Enterprise Connect show in Orlando.
I got my wish when Alistair Rennie, general manager for Lotus and collaboration solutions at IBM, took the stage for a keynote address. Rennie called social "a fundamental game changer for unified communications," a technology that has been falling short of its promised potential for years.
Rennie then proceeded to give a speech that was almost entirely about social and very little about UC. The onstage demo he introduced was mostly about the IBM Connections enterprise social network and navigating from conversations to documents, with a brief demonstration of how you can move from a comment or a document to viewing its author's contact information, reaching out with a Sametime instant message, and escalating from a textual message to a voice or video call. Most of the other speeches and demos at the show were just the opposite, with most of the emphasis on voice and video (and boasts about more flexible and scalable ways of delivering them) and passing references to social collaboration as another part of the picture.
Perhaps that should not be surprising for an event that used to be called Voicecon and still caters to telecommunications and IT network managers trying to sort out the best ways of modernizing their voice and video infrastructures. Those people arguably have enough on their plates without also having to sort out the implications of social in the enterprise.
[Learn more about where UC is heading in the enterprise. See The Connected Enterprise: Poised For Takeoff? ]
I'm not talking about social media in the contact center, as a channel for service and support--that's been a hot topic for several years. I'm talking about enterprise social collaboration as a way of getting work done internally or with business partners, and whether its implementation is, or ought to be, connected with UC.
Typically, what gets unified in unified communications is the technology for handling voice, video, instant messaging, and email over Internet protocol networks. Although there's some overlap--for example, with instant messaging often included in social networks--the UC market category was shaped before social media emerged with the prominence it has today. Meanwhile, UC adoption has proceeded in fits and starts, with many enterprises interested in parts of the package like voice over IP telephony, but not the whole thing.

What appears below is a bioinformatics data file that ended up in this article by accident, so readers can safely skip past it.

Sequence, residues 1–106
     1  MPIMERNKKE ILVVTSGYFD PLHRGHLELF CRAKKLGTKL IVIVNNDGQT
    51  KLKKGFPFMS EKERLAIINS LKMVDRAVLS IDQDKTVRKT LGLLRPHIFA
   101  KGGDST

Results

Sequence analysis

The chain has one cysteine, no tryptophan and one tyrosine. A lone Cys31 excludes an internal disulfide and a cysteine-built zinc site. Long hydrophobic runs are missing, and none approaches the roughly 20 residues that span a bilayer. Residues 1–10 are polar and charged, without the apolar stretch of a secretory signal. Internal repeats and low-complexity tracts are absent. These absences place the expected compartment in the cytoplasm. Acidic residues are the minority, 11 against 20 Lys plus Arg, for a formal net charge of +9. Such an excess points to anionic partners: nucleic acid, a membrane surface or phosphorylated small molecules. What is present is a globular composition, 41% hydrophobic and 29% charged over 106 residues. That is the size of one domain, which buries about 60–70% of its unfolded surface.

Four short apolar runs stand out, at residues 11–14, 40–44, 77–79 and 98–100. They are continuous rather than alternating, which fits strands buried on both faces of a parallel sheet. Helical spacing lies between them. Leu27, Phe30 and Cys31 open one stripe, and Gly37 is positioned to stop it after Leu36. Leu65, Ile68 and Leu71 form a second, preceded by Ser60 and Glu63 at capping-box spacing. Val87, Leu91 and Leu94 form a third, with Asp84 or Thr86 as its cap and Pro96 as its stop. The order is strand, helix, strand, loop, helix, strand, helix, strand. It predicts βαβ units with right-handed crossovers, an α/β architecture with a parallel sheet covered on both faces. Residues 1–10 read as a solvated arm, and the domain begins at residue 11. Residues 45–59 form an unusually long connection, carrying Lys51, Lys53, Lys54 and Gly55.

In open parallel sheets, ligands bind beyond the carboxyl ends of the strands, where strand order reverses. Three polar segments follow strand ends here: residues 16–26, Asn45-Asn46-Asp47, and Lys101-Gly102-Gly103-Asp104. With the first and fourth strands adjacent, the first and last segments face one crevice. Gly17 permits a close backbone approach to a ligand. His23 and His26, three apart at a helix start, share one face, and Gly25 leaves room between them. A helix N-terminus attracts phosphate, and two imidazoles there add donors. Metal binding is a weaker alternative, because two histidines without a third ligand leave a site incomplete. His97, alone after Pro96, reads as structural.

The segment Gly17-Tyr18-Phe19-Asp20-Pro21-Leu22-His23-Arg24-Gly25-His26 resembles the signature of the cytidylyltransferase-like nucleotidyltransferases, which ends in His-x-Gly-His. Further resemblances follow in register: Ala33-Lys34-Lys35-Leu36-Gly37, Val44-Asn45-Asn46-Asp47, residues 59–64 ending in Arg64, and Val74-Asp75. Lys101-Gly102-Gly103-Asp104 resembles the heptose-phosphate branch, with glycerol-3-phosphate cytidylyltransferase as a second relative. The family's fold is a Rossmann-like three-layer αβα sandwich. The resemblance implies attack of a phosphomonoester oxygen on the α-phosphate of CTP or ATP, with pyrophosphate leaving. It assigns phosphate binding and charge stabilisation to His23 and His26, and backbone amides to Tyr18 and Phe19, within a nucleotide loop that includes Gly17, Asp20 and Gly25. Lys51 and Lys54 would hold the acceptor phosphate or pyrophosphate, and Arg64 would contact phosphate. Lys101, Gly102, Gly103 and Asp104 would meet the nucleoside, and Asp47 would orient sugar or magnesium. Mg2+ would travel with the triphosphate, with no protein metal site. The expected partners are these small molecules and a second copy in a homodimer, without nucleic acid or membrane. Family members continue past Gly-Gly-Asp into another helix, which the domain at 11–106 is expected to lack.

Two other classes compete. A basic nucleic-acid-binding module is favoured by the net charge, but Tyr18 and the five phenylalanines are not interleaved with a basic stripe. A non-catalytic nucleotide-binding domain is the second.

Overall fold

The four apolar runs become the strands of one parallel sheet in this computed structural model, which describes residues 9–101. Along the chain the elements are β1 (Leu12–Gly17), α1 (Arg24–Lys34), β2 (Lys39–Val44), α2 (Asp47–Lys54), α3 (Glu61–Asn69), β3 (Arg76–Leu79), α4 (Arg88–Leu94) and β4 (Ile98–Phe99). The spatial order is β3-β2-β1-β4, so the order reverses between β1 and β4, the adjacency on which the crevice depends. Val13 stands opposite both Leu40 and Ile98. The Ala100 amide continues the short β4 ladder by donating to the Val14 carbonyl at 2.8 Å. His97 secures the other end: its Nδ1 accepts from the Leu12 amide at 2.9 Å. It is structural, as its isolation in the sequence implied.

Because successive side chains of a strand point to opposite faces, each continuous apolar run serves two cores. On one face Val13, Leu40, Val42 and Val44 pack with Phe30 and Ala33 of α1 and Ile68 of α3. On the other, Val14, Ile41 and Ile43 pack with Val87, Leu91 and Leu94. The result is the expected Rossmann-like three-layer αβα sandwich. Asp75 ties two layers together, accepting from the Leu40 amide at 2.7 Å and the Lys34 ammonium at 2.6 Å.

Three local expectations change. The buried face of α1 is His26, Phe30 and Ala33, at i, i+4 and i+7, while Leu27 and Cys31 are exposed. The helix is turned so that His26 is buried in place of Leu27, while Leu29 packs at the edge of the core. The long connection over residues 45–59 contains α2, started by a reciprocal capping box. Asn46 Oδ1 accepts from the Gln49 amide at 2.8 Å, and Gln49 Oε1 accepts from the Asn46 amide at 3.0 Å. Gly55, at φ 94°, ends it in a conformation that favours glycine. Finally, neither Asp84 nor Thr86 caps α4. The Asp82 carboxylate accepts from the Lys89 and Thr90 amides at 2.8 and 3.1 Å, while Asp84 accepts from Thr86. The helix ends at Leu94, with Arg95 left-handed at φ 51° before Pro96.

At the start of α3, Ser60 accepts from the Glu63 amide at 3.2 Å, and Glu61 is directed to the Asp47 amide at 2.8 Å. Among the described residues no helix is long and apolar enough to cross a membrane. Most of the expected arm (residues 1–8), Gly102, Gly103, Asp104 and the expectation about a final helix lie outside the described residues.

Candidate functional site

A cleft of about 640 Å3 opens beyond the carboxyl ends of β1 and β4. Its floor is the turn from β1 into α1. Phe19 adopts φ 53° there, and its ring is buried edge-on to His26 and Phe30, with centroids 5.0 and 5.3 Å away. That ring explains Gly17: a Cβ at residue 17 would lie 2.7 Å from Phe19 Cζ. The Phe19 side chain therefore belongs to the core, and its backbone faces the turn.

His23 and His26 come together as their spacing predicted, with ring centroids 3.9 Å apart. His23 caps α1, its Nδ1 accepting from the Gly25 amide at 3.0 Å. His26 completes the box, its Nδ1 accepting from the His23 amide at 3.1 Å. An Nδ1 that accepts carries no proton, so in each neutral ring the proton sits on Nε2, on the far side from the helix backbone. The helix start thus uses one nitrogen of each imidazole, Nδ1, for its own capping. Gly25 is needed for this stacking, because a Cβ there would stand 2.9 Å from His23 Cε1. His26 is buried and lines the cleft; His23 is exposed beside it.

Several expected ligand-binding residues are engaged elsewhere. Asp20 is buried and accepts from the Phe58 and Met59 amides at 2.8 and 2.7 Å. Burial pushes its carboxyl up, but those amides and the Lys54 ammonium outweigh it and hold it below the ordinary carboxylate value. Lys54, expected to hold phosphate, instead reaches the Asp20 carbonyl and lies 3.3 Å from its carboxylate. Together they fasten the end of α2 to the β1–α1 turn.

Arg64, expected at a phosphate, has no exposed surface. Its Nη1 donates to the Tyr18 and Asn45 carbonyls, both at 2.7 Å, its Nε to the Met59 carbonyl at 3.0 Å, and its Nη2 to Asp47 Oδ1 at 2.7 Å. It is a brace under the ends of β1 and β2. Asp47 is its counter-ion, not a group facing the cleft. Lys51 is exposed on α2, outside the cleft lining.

"I don't think we have any shortage of technology at this point, and most of them work," Rennie said, but getting people to care about collaboration technology has been the hard part. That all changes with the advent of social software, particularly when an enterprise social networking initiative is aligned with business goals, as in the case of Cemex using social collaboration to cut in half the time required for product development.
Cisco has been the biggest proponent to date of the idea that unified communications and social collaboration should go together. In the Cisco Quad enterprise social network, starting a voice or video call with one of your social contacts is as easy as sharing a link, and voicemail from your Cisco phone can be displayed side-by-side with your social news feed. This year's Enterprise Connect did offer a session specifically on enterprise social networking, featuring the Virgin Media case study I wrote about a few weeks ago.
"The workplace of the future will be way more social, mobile, visual, and virtual," predicted O.J. Winge, Cisco senior VP and general manager for video and collaboration, notably putting social first on the list. "We have to remember it is not about the devices--it is all about people, and allowing them to become more productive and create more value for their companies."
Winge didn't talk much, if at all, about Quad, focusing more on the new version of Jabber, which turns a pretty sociable instant messaging client into a launchpad for voice and video calls.